Original Date: 03/06/2006
Revision Date: / /
Best Practice : Phalanx Warranty Program
Increasing threats to global security and a technology need during the 1997-1998 timeframe prompted revival of the legacy Phalanx system. Additional funds were granted to complete Class A overhauls on existing systems. To ensure the reliability of the equipment and the success of the program, Raytheon-Louisville implemented the Phalanx Warranty Program. The program has created a win-win situation in which ships having failures are corrected immediately, allowing Raytheon-Louisville to gather required data to initiate long-term corrective actions on the system. The Phalanx Warranty Program has produced benefits for all involved.
In the mid-1990s, the Phalanx was a legacy system. Due to evolving security threats, the U.S. Navy (USN) determined the need for the capability of the Phalanx. Because there were no other equally threat-capable systems, the program was revived. However, several concerns of the program had to be addressed. The original equipment manufacturer (OEM) was not meeting the expectations of the Fleet and the Navy Program Office for increased reliability. The Program Office and the ship were responsible for technical assistance and the funding of replacement parts. The newly fielded systems had no warranty, and Raytheon-Louisville was not receiving the failure data required to address problems and take corrective action. If the operational availability (Ao) was not maintained or increased, the program could be jeopardized.
Once Raytheon-Louisville received additional funding to complete Class A overhauls in fiscal year (FY) 2003, a bumper-to-bumper warranty was implemented on the systems that would pay for any failure/repairs with the exception of consumable items (e.g., grease, nuts, bolts, etc.). This new process also allowed Raytheon-Louisville to begin gathering failure data. Because the data was being filtered back to them, they could now take the necessary measures to ensure that long-term corrective actions were in place. This allowed the Louisville facility to keep metrics on reoccurring issues in the Fleet, supporting a proactive culture versus a reactive culture.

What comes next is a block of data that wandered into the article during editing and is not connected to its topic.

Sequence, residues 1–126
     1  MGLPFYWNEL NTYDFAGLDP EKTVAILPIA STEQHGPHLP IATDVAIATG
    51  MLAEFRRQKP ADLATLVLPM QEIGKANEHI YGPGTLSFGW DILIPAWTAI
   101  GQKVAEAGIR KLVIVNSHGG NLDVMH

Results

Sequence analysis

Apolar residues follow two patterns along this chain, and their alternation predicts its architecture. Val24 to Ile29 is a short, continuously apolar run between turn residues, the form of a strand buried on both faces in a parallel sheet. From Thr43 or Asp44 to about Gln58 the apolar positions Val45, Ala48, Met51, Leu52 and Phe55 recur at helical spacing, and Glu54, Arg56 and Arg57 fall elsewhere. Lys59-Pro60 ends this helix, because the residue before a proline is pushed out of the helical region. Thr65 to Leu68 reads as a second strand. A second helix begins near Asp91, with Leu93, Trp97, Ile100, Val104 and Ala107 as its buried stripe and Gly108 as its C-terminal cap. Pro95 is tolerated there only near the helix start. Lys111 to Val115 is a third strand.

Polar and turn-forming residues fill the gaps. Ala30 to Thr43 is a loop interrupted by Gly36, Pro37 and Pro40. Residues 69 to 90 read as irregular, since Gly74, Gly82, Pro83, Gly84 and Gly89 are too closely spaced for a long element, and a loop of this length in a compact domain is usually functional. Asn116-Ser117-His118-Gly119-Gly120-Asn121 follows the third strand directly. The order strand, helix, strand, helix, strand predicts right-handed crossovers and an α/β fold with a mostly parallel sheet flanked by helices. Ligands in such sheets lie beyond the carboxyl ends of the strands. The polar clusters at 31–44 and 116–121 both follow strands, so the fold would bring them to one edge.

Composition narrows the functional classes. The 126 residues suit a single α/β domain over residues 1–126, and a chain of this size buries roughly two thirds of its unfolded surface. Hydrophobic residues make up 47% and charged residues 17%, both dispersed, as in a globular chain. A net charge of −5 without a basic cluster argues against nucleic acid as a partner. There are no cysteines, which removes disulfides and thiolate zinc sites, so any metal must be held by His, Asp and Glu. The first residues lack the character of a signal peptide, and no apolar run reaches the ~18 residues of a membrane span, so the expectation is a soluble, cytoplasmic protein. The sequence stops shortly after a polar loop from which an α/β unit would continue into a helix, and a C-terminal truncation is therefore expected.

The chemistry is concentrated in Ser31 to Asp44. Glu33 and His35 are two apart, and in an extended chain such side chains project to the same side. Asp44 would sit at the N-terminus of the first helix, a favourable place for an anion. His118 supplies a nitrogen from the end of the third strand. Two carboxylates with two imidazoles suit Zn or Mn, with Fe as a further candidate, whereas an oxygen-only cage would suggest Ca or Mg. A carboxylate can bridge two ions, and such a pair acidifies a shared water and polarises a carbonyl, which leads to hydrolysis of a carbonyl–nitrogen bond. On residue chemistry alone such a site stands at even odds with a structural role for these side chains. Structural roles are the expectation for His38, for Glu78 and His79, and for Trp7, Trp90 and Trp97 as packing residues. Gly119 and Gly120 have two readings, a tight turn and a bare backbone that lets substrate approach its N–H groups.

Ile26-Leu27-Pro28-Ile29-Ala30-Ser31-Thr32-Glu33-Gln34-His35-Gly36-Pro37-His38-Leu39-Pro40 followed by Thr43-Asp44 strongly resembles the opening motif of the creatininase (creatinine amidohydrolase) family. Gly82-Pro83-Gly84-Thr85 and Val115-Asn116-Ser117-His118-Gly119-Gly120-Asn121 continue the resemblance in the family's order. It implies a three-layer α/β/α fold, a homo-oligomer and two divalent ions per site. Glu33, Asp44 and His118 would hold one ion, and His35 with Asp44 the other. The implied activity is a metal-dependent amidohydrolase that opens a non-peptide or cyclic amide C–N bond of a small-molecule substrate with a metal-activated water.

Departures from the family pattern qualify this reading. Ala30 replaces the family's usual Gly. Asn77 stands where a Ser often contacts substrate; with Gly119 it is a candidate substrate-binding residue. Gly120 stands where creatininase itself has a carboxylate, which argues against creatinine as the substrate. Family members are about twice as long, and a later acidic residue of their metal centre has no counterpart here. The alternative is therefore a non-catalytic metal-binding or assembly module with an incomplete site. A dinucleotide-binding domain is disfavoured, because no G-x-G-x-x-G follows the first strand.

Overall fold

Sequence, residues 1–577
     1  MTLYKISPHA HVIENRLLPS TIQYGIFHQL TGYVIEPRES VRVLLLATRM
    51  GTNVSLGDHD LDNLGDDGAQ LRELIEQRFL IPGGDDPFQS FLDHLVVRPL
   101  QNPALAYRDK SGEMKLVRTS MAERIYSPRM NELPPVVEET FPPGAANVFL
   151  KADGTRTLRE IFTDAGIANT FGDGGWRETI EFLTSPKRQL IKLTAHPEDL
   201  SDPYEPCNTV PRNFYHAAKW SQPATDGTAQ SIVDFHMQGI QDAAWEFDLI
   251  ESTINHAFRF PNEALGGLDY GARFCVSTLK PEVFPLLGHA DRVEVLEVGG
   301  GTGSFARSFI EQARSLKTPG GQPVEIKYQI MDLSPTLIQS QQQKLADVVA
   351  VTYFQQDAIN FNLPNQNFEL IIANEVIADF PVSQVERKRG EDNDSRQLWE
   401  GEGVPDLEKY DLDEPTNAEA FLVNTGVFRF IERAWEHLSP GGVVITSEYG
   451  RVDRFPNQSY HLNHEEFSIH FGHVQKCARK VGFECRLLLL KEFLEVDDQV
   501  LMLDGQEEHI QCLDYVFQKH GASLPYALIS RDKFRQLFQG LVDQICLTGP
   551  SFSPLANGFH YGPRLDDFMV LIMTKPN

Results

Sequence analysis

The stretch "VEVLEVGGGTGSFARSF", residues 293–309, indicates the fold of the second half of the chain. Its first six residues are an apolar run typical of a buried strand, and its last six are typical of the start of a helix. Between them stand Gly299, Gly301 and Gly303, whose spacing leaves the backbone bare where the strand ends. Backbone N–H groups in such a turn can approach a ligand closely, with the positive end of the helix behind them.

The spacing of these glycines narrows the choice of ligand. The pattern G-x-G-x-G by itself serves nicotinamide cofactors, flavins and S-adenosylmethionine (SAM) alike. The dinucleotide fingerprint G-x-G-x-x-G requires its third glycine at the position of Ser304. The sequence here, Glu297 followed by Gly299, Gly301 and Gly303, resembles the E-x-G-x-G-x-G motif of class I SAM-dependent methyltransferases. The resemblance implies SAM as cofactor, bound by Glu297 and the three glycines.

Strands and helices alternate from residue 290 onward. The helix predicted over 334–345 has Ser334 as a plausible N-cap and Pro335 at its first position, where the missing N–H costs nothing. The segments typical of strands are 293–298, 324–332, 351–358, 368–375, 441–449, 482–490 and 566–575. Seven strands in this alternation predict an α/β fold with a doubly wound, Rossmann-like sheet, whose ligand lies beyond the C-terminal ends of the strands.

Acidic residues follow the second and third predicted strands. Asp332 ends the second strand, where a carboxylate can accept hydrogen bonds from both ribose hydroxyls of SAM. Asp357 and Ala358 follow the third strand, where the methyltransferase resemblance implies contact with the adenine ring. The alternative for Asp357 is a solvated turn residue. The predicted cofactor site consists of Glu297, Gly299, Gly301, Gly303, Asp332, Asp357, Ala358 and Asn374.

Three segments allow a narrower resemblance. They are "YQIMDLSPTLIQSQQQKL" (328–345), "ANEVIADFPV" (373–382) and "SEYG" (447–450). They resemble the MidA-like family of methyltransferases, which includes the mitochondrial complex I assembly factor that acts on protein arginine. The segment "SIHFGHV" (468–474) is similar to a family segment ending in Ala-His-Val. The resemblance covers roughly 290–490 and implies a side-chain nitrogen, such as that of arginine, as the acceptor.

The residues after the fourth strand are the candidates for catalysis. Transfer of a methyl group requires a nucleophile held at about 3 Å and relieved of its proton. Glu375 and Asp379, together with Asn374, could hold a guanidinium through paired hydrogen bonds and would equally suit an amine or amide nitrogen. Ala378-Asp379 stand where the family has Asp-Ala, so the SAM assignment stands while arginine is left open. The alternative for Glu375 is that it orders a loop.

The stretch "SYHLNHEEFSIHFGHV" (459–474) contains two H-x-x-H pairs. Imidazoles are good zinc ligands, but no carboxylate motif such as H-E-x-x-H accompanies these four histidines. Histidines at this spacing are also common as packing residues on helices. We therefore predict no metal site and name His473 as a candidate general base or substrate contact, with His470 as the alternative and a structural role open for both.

One key component to the Phalanx Warranty Program is the length-of-warranty period. The Louisville facility developed a warranty term that allows up to 6 months of warehouse time for the systems. This gives the Navy a period of time in which the equipment can be fielded without reducing the operational warranty period. When the equipment is installed and accepted (signed off) by the ship, the warranty period of 12 months is initiated. Once the equipment has been accepted, the In-Service Engineering Agent (ISEA) sends a naval message to the ship. This message also includes pertinent information on how to request warranty repairs or component replacement. When the warranty is nearing the end of its life cycle, the ship also receives a naval message with pertinent information (e.g., expiration date of the warranty, etc.).
When developing the warranty program, Raytheon-Louisville ensured the warranty issues and repairs could easily be requested. If an item is in need of repair, the ship can simply send a naval message to the ISEA. This in turn signals the ISEA to requisition a part or repair from the Louisville facility at no charge. Raytheon-Louisville then fixes the problem or sends a replacement part. The ship returns the carcass back to the Louisville facility for corrective action. If it is determined a sailor has damaged the item or has caused the failure, the Louisville facility is able to file a claim for the non-warranty item through the Program Office.
Raytheon-Louisville’s Phalanx Warranty Program has become a win-win situation for all parties. The ships now have a better issue resolution (repair) turnaround time, and Raytheon-Louisville is getting the information they need to ensure appropriate long-term health of both the equipment and the program. The receipt of this information has allowed Raytheon-Louisville to resolve technical issues such as workmanship and engineering before they become problematic.
Since the implementation of the Phalanx Warranty Program, the trend has shown a decrease in light-off and checkout (LOCO) and warranty failures/parts replacement, lower warranty dollars, and an increase in product reliability.
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